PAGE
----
[tweetmeme source=”Intellogist” only_single=false]The Intellogist Blog has had the opportunity to interview a number of experts on patent searching, patent data dissemination, and patent landscape studies. The patent environment provides a broad field for many types of professionals to practice their specialties, and each niche in the patent field requires a unique set of strengths and talents. The patent translator profession is a particularly tricky field to navigate, since patent translators need an eclectic set of skills (both language and scientific). New technologies, like machine translation, are also transforming how patent translators work and when their skills are needed.
The Intellogist Blog recently interviewed Sonja Olson, Director of Translation Services at Landon IP, about what skills she thinks are necessary for a translator to succeed in the patent field. We also interviewed three patent translators about their experiences in this unique profession. Today, we’ll look at Sonja’s views on the patent translation field and a profile of the first translator interviewed for this piece. Without further ado, let’s look at a profile of a patent translator.
Sonja Olson, Director of Translation Services at Landon IP
Joelle Mornini: Can you give us a brief description of your own background in translation services?
Sonja Olson: Translation services has been my career for the last 12 years or so. Before joining Landon IP, I specialized in end-user technical documentation, particularly in the fields of electronics and heavy machinery. Unlike many people in this industry, I’ve never worked as a translator: my career has been entirely project management!
JM: What is the ideal educational or career background for a patent translator?
SO: Ideally, your educational and/or previous career background should prepare you for a career in your technical specialty. So, for example, the best medical translators are those with medical training, such as former nurses. Many technical translators working on mechanical texts have engineering backgrounds. Obviously, you need to be fluent in the source language, and a native speaker of the target language. But no matter how fluent you are, you can’t translate something you don’t understand.
JM: What traits must a patent translator possess to succeed in the field?
SO: Some of them are the same traits any translator needs: the ability to thrive as a freelancer, meaning that s/he enjoys the challenges of being self-employed. Meticulous attention to detail is important; organizational skills are vital; time management is an often-overlooked asset. (All translation Project Managers are used to dealing with very talented translators who think the deadline is the opening bid!)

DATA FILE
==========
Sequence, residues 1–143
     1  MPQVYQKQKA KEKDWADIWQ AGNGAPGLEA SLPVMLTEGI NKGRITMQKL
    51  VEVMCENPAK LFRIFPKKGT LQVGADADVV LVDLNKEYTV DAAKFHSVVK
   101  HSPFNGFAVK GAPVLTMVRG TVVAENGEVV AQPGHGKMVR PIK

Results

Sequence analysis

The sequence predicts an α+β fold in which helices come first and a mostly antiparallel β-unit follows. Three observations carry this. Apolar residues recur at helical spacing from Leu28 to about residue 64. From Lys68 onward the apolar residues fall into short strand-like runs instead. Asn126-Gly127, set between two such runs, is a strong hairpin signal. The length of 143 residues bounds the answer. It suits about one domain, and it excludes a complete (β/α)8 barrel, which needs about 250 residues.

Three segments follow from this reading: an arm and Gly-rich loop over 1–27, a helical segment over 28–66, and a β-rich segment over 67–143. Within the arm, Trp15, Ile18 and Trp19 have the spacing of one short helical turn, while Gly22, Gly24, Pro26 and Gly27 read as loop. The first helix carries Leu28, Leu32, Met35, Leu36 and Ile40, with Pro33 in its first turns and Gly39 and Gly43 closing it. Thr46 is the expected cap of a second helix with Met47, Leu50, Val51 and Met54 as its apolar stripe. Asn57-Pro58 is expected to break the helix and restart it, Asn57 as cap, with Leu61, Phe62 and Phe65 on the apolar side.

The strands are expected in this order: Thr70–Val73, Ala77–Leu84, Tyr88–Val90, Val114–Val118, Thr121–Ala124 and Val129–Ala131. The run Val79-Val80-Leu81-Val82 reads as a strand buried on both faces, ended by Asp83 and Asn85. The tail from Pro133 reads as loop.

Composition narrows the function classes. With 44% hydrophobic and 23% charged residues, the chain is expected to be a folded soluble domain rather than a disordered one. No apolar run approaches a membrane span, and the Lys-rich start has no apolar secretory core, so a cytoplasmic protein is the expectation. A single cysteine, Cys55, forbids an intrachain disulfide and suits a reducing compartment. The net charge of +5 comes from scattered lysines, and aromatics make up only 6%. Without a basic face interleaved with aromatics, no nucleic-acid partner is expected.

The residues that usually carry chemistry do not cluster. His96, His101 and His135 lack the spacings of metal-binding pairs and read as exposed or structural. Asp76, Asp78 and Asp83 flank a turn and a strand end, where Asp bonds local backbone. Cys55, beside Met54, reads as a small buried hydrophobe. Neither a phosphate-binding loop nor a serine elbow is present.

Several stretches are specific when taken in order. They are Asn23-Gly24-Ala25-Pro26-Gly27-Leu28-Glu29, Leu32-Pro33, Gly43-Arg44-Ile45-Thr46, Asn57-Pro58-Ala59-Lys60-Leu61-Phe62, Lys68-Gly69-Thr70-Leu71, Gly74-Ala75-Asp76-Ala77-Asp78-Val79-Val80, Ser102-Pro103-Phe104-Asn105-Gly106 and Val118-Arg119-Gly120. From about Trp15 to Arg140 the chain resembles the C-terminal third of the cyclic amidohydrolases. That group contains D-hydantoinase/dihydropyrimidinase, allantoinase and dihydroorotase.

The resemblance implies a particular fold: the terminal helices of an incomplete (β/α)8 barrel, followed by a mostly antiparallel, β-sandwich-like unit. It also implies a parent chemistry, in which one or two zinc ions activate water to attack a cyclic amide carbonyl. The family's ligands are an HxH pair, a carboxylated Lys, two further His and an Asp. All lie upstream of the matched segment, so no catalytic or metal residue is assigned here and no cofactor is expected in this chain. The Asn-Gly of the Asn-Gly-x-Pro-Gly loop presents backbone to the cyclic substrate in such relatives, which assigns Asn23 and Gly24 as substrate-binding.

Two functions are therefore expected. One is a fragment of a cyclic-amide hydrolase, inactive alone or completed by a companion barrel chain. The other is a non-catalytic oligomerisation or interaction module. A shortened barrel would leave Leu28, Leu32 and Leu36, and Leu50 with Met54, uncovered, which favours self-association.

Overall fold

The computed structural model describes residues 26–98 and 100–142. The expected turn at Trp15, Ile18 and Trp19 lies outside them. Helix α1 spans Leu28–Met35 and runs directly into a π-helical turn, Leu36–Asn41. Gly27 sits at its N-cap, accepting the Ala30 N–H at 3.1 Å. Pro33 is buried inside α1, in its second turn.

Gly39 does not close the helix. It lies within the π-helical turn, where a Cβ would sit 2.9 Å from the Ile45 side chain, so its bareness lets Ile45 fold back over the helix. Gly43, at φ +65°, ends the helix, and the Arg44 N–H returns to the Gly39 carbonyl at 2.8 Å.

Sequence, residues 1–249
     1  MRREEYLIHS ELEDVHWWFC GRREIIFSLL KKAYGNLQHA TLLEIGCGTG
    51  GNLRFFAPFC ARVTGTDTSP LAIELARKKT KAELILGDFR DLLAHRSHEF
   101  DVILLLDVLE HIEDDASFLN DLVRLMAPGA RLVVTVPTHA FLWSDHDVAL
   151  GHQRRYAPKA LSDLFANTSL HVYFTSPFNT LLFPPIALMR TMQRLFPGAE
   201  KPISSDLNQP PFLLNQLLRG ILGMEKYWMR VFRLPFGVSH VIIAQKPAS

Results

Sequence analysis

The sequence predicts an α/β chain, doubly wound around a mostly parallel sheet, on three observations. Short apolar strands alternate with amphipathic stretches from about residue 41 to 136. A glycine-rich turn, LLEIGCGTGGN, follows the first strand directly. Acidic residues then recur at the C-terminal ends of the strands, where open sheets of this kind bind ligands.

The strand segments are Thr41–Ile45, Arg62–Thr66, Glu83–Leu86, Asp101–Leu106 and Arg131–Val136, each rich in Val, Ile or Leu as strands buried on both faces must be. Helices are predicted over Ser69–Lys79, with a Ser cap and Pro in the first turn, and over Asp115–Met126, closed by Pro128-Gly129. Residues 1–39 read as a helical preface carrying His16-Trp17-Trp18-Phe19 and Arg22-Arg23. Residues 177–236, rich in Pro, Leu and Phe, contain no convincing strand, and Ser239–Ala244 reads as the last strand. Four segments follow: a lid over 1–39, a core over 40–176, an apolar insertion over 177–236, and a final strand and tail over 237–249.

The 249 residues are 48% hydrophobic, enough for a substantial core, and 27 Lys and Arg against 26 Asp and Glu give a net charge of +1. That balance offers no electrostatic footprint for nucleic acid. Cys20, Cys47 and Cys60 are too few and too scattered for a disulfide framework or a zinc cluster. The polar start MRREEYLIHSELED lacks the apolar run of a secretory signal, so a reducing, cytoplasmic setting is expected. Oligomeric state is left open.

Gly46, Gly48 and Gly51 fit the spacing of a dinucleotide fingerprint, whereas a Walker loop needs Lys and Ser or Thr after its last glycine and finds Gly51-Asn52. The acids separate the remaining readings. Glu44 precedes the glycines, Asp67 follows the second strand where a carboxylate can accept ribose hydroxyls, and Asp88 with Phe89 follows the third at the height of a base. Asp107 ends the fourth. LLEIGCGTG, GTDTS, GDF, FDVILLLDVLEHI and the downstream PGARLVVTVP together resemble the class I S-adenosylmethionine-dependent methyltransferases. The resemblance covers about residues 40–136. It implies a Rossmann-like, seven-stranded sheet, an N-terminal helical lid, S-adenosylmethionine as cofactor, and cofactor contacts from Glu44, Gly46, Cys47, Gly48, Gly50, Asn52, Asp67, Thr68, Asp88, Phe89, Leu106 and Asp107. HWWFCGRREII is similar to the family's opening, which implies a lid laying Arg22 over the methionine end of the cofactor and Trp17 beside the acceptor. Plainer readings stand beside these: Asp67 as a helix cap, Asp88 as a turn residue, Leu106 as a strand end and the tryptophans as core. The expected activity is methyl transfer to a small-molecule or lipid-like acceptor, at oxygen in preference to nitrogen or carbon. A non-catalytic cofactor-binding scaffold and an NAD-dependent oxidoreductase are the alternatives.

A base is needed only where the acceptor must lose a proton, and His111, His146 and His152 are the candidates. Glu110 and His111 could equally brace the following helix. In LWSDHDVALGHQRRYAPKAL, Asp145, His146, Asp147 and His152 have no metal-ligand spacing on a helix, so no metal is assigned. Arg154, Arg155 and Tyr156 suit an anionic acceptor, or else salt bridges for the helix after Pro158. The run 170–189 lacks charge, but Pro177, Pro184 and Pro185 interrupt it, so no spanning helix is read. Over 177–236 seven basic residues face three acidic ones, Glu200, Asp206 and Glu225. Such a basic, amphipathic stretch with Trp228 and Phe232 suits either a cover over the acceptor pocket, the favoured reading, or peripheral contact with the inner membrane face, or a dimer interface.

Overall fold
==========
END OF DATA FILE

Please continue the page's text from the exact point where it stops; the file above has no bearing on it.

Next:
There are some skills that are unique to patent translators. They should be able to conduct a basic prior art search, in order to learn the background of the invention. They should be able to take the drawings and glean the same sort of information from those that one of our analysts could. Many of the linguistic decisions have already been made, given the formulaic language in a patent, but they need to be able to write acceptable “patentese” in the target language.
JM: How has new translation technology changed the work done by patent translators?
SO: In some ways, not that much. So many patent publications are only available as scanned PDFs, which means that our use of CAT (computer assisted-translation) tools is limited, compared to technical documentation. (By the way, that’s also going to continue to be a challenge for Machine Translation taking over the world; Google Translate can’t see it until you OCR the text, which introduces all sorts of errors into the source file.) But now, you have all these online portals for locating prior art, technical glossaries, and so on; you can collaborate with colleagues online and turn to peers in real time for advice. I know that sounds really basic, but it’s huge! In the past, translators used to have vast libraries of nothing but source-target dictionaries. (Many of them still do, for sentimental reasons. ) And those dictionaries were all they had. If it wasn’t in there, they’d have to find a dictionary that did have it, or make an educated guess.